PROCEDURE – CIVIL PROCEEDINGS IN STATE AND TERRITORY COURTS – DISCOVERY AND INTERROGATORIES – DISCOVERY AND INSPECTION OF DOCUMENTS  –  PRODUCTION AND INSPECTION OF DOCUMENTS – GROUNDS FOR RESISTING PRODUCTION –  IRRELEVANCE – where the proceeding is being case managed by the learned primary judge – where the primary judge ordered the disclosure of a category of rail agreement documents to the extent of any clauses relating to the take or pay element of the rail agreements – whether the primary judge erred in finding that the clauses were directly relevant to an issue in the proceeding

PROCEDURE – CIVIL PROCEEDINGS IN STATE AND TERRITORY COURTS – DISCOVERY AND INTERROGATORIES – DISCOVERY AND INSPECTION OF DOCUMENTS – PRODUCTION AND INSPECTION OF DOCUMENTS – GROUNDS FOR RESISTING PRODUCTION –  where the primary judge ordered the disclosure of a category of rail agreement documents to the extent of any clauses relating to the take or pay element of the rail agreements – where the party disclosed the clauses but redacted parts of them – where the party disclosing the documents sought to rely on three paragraphs of a confidential affidavit to explain why redacted parts of the clauses contained commercially sensitive information – whether the primary judge erred by refusing to admit the paragraphs of the confidential affidavit – where the primary judge had taken into account the commercially sensitive nature of the information in the clauses when ordering them to be disclosed

PROCEDURE – CIVIL PROCEEDINGS IN STATE AND TERRITORY COURTS – DISCOVERY AND INTERROGATORIES – DISCOVERY AND INSPECTION OF DOCUMENTS – PRODUCTION AND INSPECTION OF DOCUMENTS – GROUNDS FOR RESISTING PRODUCTION –  where the primary judge ordered the disclosure of a category of rail agreement documents to the extent of any clauses relating to the take or pay element of the rail agreements – where the party disclosed the clauses but redacted parts of them – whether the primary judge erred by not permitting the redaction of the price sensitive information in the clauses – where the primary judge had taken into account the commercially sensitive nature of the information in the clauses when ordering them to be disclosed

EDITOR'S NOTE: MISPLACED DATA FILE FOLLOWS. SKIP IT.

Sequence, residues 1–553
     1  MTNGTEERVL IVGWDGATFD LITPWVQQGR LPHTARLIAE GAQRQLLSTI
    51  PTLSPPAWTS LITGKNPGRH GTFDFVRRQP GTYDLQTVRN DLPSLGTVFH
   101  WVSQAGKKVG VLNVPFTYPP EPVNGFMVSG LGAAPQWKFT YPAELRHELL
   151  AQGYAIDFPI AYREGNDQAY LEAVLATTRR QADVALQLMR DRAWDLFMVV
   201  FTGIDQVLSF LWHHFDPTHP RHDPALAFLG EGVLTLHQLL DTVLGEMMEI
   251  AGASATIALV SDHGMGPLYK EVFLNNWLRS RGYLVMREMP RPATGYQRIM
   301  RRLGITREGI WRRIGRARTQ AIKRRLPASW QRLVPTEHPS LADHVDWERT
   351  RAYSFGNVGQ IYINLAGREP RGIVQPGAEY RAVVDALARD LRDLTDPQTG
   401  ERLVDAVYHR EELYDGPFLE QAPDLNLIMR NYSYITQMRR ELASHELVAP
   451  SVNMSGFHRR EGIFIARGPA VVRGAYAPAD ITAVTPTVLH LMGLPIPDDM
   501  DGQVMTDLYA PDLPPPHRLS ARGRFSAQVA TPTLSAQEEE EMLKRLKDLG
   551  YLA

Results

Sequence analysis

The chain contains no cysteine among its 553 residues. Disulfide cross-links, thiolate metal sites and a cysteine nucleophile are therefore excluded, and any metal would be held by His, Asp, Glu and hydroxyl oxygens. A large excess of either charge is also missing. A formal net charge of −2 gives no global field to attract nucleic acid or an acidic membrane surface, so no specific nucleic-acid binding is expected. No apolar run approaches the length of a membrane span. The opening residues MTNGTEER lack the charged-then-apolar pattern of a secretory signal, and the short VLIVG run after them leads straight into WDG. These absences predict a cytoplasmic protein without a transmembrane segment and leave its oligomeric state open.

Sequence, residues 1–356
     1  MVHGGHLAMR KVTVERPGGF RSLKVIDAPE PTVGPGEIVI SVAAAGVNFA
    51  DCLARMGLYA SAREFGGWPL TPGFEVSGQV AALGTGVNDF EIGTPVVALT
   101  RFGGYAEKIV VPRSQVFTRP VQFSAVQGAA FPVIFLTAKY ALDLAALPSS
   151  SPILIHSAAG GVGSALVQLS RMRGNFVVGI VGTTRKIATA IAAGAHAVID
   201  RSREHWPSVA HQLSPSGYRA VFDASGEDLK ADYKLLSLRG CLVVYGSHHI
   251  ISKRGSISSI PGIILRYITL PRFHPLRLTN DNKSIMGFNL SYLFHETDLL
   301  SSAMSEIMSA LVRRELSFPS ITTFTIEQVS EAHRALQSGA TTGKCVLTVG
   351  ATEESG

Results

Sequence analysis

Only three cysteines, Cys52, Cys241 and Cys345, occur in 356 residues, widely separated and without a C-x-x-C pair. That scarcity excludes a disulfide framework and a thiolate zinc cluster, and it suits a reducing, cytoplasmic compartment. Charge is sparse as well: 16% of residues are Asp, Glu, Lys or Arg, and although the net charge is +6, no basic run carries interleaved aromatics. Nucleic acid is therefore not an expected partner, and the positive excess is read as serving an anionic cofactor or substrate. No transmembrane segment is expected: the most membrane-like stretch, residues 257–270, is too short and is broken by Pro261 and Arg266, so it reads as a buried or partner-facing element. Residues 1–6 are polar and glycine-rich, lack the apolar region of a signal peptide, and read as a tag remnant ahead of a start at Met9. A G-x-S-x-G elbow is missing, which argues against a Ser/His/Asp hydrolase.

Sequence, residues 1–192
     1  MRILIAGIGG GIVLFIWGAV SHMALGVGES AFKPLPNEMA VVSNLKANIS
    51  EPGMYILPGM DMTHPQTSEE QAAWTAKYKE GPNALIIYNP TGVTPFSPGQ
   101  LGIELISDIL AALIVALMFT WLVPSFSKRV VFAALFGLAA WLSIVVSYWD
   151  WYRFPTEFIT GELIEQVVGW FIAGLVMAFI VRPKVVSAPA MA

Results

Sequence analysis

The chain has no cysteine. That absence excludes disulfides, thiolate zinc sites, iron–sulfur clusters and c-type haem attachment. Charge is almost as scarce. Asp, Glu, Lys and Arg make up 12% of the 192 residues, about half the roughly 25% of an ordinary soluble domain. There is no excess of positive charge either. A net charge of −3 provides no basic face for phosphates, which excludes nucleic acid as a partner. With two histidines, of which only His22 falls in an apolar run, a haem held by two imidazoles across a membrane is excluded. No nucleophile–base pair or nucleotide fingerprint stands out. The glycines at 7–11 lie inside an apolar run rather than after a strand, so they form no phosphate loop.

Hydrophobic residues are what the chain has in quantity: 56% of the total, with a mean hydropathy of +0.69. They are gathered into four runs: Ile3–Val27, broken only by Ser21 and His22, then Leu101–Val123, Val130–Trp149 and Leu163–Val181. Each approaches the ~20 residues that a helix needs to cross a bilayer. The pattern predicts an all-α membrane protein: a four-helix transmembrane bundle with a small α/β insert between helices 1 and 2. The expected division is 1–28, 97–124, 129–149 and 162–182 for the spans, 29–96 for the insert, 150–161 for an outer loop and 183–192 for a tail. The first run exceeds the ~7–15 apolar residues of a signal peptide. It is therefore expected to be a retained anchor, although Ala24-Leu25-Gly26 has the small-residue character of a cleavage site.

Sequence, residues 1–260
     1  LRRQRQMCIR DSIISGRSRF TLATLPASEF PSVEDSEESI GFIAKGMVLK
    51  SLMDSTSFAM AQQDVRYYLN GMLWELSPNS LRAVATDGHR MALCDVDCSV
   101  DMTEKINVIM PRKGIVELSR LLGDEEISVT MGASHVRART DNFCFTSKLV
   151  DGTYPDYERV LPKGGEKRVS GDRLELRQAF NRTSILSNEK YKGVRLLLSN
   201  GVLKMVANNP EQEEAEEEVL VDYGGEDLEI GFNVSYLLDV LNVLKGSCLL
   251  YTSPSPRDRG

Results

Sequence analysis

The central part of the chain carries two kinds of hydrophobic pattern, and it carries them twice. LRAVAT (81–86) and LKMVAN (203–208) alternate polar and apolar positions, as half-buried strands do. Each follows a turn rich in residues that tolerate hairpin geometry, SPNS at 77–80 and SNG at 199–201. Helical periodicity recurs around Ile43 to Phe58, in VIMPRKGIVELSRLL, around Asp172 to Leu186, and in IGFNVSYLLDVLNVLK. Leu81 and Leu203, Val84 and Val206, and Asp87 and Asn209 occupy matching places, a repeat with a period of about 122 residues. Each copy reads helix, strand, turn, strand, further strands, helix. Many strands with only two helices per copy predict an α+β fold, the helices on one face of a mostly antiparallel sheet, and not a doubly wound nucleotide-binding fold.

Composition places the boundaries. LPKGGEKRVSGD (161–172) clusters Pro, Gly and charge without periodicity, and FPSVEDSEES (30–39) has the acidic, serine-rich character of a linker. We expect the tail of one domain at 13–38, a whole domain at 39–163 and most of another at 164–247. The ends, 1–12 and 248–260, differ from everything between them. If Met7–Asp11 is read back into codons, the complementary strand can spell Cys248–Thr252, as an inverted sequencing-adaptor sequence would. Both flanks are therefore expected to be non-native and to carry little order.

PROCEDURE – CIVIL PROCEEDINGS IN STATE AND TERRITORY COURTS – DISCOVERY AND INTERROGATORIES – DISCOVERY AND INSPECTION OF DOCUMENTS – PRODUCTION AND INSPECTION OF DOCUMENTS – TIME AND MANNER OF INSPECTION –  where the primary judge imposed a confidentiality regime in respect of a category of rail agreement documents that was limited as of right to the lawyers of the inspecting party – whether the primary judge erred in finding that the category of rail agreements  should be subject to a restricted confidentiality regime that had not been the subject of submissions by the parties

PROCEDURE – CIVIL PROCEEDINGS IN STATE AND TERRITORY COURTS – DISCOVERY AND INTERROGATORIES – DISCOVERY AND INSPECTION OF DOCUMENTS – PRODUCTION AND INSPECTION OF DOCUMENTS – TIME AND MANNER OF INSPECTION –where the primary judge imposed confidentiality orders on specified items of various extracts of documents and transcripts relating to a security for costs application – whether the primary judge erred in finding that the items were commercially sensitive and should be subject to confidentiality orders

Adam P Brown Male Fashions Pty Ltd v Philip Morris Inc (1981) 148 CLR 170; [1981] HCA 39, considered

Cargill Australia Ltd v Viterra Malt Pty Ltd [2018] VSCA 260, considered

Cherwell Creek Coal Pty Ltd v BHP Queensland Coal Investments Pty Ltd & Ors (No 16) [2018] QLC 40, related

Cherwell Creek Coal Pty Ltd v BHP Queensland Coal Investments Pty Ltd & Ors (No 18) [2018] QLC 48, related

Just GI Pty Ltd v PIG Improvement Co Australia Pty Ltd [2001] QCA 48, cited

APPEARANCES:

DP O'Brien QC, with  LV Sheptooha (instructed by Holding Redlich) for the appellant in appeals LAC006-18, LAC007-18 and LAC001-19 and the respondent in appeal LAC002-19